How to Count Carbs

Carbohydrates are a great source of energy for your body, but they affect your blood sugar too. If you have diabetes, keep track of how many you eat with a few simple tricks.

Know your carbs. It's a lot more than just pasta and bread. All starchy foods, sugars, fruit, milk, and yogurt are rich in carbs, too. Make sure you count them all, not just the obvious ones.

Put together a meal plan. Figure out the amount of carbs, protein, and fat you can eat at meals and snacks throughout the day to keep your blood sugar levels steady. Most adults with diabetes aim for 45-60 grams of carbs per meal and 15-20 grams per snack. That number may go up or down, depending on how active you are and the medicines you take, so check with your doctor or a registered dietitian.

Look at labels. They make counting carbs easy. Find the "Total Carbohydrate" number listed on a package's "Nutrition Facts" panel. Then, check the serving size and confirm the amount you can eat. Repeat this step with other foods you plan to eat. When you add all the grams of carbs, the total should stay within your meal budget.

Starch, fruit, or milk = 15. Fresh foods don't come with a label. You may have to guess the number of carbs they have. A good rule of thumb: Each serving of fruit, milk, or starch has about 15 grams. Vegetables don't have a lot, so you can eat more of them. Two or three servings of veggies usually equal 15 grams of carbs.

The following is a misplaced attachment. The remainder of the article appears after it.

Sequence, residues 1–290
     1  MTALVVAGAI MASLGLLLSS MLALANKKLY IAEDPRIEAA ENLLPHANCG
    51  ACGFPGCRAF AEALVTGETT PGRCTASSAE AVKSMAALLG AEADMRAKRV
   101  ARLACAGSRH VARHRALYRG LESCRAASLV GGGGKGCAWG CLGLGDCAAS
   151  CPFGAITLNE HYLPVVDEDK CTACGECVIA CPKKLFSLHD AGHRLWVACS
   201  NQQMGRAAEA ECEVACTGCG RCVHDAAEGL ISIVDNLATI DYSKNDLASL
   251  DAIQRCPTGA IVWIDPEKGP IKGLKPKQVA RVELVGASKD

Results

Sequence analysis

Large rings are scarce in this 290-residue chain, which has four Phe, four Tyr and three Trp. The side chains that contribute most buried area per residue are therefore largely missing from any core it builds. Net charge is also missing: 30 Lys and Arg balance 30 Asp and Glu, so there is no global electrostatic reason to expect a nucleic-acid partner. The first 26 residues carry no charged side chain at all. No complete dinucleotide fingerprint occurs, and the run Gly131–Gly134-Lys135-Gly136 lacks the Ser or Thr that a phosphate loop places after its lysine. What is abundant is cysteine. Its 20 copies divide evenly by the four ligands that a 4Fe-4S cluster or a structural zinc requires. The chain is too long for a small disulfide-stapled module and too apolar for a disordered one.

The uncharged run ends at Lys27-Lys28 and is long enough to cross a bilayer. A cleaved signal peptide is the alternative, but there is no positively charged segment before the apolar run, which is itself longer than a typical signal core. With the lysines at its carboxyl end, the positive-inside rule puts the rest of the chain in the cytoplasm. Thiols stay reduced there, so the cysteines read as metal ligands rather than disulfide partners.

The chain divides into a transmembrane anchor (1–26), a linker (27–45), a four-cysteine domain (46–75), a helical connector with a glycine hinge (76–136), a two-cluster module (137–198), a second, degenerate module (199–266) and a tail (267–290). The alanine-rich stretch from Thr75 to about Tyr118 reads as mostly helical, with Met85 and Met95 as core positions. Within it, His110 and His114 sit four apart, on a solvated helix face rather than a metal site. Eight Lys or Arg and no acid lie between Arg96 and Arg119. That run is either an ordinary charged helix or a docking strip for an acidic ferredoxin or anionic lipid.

Pay attention to portion sizes. The size of one serving depends on the type of food. For instance, one small (4-ounce) piece of fresh fruit, 1/3 cup of pasta or rice, and 1/2 cup of beans are each one serving. Buy a pocket guide that lists carb counts and portion sizes. Or download an app on your smartphone. Measuring cups and a food scale when you eat at home will help you be accurate.

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Adjust your insulin. Your doses may change, depending on the amount of carbs you ate at a meal and the difference between your target blood sugar level and your actual reading. You'll need to know your "insulin-to-carbohydrate ratio," or the number of carbs one unit of insulin will cover. Generally, one unit of fast-acting insulin covers 12-15 grams of carbohydrates.

Your body can also be more sensitive to insulin changes throughout the day. Stress or how much you exercise also has an impact. It's important to work out a plan with your doctor for how to change your treatment if you need to.

Make healthy choices. Carb counting focuses on the number of them you eat at every meal, not what types. Still, pick healthy options when you can. Foods and drinks with added sugar are often high in calories and low on nutrients. Healthy carbs like whole grains, fruits, and veggies will give you energy and the vitamins, minerals, and fiber that can help control your weight.

WebMD Medical Reference Reviewed by Michael Dansinger, MD on January 22, 2017

Sources

SOURCES:

American Diabetes Association: “Carbohydrate Counting,” “Make Your Carbs Count,” “All About Carbohydrate Counting.”

Cleveland Clinic: “Carbohydrates and Blood Sugar Control for People with Diabetes.”

Joslin Diabetes Center: “Carbohydrate Counting 101,” “Dosing Insulin.”

National Diabetes Information Clearinghouse: “What I Need to Know About Carbohydrate Counting and Diabetes.”

Diabetes Teaching Center at the University of California, San Francisco: “Calculating Insulin Dose.”

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